A newly-released South Saskatchewan Community Foundation (SSCF) report shed some light on the issues most important to those in the region. The report identified five emerging issues.
- Sustaining rural communities
- Drug abuse and addiction
- Safety in communities
- Racism towards new immigrants and Indigenous peoples
- Homelessness and affordable housing
“We wanted to go into south Saskatchewan and find out at a grassroots level, ‘what’s happening in our communities? What are some of the challenges?'” SSCF executive director Donna Ziegler said Wednesday at the report’s release event.
SSCF board co-chair Leslie Ciz said she hopes the report can help the organization fulfill its mandate of connecting donors to charities while supporting thriving communities.
“With support from the SSCF’s donors, charities and partners,” she said, “it’s a way to help rural Saskatchewan become stronger, and address the challenges we are facing.”
The SSCF commissioned its 50 Vital Community Conversations study earlier this year in part to commemorate the organization’s 50th anniversary.
Under the research eye of the University of Regina’s Dr. Iryna Khovrenkov, the SSCF worked with 47 different organizations across southern Saskatchewan to gather information for the report. Fifty-six “community conversations” were held in which participants were asked seven questions:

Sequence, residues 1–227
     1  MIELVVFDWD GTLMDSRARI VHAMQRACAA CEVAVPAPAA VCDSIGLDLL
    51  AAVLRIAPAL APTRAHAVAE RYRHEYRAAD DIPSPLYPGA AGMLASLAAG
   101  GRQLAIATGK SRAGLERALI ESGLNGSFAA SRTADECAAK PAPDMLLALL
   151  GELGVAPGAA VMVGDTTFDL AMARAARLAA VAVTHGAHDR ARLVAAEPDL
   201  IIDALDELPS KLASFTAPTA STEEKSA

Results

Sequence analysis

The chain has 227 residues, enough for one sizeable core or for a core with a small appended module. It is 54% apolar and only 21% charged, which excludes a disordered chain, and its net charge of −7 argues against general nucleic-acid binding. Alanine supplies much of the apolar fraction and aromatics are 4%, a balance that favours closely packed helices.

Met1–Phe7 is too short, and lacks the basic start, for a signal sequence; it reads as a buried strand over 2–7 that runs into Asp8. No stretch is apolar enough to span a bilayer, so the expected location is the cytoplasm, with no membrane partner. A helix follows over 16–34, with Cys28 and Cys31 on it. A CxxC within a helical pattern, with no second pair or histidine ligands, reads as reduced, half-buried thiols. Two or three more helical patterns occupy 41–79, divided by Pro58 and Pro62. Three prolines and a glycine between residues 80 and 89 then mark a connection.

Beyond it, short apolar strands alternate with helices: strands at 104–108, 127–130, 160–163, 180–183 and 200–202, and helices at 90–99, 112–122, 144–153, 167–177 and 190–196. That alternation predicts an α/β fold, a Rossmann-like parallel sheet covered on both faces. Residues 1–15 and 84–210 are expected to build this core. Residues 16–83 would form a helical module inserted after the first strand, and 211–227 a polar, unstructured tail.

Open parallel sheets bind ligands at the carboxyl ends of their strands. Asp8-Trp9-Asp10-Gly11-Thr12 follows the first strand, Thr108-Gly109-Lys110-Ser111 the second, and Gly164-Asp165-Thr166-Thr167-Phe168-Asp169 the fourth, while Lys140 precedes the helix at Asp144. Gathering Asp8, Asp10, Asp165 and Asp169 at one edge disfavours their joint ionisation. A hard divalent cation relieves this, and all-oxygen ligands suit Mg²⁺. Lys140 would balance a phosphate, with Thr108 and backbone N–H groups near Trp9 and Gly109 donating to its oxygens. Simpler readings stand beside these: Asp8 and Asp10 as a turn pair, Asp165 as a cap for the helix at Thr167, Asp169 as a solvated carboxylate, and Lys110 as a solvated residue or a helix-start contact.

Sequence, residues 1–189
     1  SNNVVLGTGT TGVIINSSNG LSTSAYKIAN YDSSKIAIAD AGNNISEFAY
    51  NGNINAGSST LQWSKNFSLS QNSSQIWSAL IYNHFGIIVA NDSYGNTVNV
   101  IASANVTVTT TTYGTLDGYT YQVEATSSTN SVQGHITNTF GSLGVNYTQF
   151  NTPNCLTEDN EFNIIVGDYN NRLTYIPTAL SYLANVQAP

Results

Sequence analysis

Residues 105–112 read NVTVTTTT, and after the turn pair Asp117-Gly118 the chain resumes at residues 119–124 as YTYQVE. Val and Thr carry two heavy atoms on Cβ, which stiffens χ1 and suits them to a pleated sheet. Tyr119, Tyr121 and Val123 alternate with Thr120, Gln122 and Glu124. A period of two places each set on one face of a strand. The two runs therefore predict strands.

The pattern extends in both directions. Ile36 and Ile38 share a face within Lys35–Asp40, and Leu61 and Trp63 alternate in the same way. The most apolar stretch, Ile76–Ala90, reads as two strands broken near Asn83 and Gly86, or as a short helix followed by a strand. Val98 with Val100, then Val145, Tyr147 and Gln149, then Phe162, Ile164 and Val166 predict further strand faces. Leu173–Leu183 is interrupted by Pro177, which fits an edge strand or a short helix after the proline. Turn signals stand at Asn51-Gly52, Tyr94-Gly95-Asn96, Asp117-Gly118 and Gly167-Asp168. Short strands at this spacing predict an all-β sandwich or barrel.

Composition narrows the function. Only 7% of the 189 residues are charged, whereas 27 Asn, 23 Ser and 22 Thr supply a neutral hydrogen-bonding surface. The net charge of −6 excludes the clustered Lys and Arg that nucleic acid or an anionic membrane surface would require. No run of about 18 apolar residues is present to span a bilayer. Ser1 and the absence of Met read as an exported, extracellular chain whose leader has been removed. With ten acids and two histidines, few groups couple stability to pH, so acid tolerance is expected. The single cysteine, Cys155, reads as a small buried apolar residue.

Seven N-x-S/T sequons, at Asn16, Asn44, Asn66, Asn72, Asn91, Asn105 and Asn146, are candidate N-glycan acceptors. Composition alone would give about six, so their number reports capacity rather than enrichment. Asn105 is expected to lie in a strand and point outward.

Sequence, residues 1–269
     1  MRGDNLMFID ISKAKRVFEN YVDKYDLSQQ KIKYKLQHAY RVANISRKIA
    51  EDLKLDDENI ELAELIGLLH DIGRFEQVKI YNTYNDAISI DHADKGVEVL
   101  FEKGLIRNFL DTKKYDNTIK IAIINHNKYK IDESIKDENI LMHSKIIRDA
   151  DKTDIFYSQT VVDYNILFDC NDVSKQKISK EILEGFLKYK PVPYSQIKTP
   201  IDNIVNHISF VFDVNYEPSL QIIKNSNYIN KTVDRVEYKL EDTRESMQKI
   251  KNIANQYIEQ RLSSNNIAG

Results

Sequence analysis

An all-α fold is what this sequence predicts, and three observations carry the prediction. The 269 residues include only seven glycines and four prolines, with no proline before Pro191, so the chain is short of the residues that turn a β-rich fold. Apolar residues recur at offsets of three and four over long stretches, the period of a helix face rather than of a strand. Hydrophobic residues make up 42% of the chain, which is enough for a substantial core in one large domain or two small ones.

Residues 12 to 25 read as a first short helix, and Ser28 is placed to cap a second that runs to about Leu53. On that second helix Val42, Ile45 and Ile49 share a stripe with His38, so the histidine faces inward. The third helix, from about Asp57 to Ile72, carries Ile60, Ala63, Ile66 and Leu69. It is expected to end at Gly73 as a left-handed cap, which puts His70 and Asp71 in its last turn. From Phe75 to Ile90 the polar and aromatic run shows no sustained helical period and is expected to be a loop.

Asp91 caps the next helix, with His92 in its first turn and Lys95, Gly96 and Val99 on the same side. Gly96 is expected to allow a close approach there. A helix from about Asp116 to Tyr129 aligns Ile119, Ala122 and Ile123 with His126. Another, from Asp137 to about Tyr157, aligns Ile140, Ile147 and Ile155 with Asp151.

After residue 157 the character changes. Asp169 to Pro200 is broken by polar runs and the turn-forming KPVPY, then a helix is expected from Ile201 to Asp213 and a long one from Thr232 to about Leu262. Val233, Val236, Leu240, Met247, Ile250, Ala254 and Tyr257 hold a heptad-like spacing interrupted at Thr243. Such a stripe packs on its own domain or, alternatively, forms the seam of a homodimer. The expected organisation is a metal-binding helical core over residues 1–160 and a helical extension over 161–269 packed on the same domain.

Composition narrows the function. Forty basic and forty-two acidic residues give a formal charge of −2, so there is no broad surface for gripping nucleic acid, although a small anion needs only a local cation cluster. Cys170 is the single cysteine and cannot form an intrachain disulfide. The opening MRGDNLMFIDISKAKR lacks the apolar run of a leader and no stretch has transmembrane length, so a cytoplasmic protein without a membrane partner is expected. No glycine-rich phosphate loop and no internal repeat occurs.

- What does community mean to you?
- What are the top three indicators in your community?
- What are your community’s key needs/priorities?
- What is an emerging issue in your community?
- What challenges does your community face at the moment?
- What support or resources are required to make the changes needed in
- What kind of community do you wish to have? What are the two or
three issues standing in the way of having this kind of community?
Sustaining rural communities were listed as an “emerging issue” in 22 per cent of the report’s conversations. While Saskatchewan still holds a relatively high rural population percentage (34 per cent) compared to other Canadian provinces, that number has declined 50 per cent since 1901.
The report attributes this, in part, to the consolidation of farmland. Additionally, the report says that with more and more young people heading to urban centres, rural communities are struggling with an age diversity problem.
In terms of the specific challenges these trends pose, the report’s participants listed that they have trouble maintaining arts and cultural programs, that school closures are a problem and that they have a lack of public transportation options.
Participants listed more government funding as a potential solution to this and many of the other emerging issues listed in the report. They also suggested education about the importance of things like the arts and food banks could be beneficial.
Twenty per cent of conversations listed drug abuse and addiction as an emerging issue, 20 per cent found safety and crime a concern, 13 per cent listed racism towards Indigenous people and new Canadians in the report, and 9 per cent mentioned homelessness and affordable housing as a growing problem.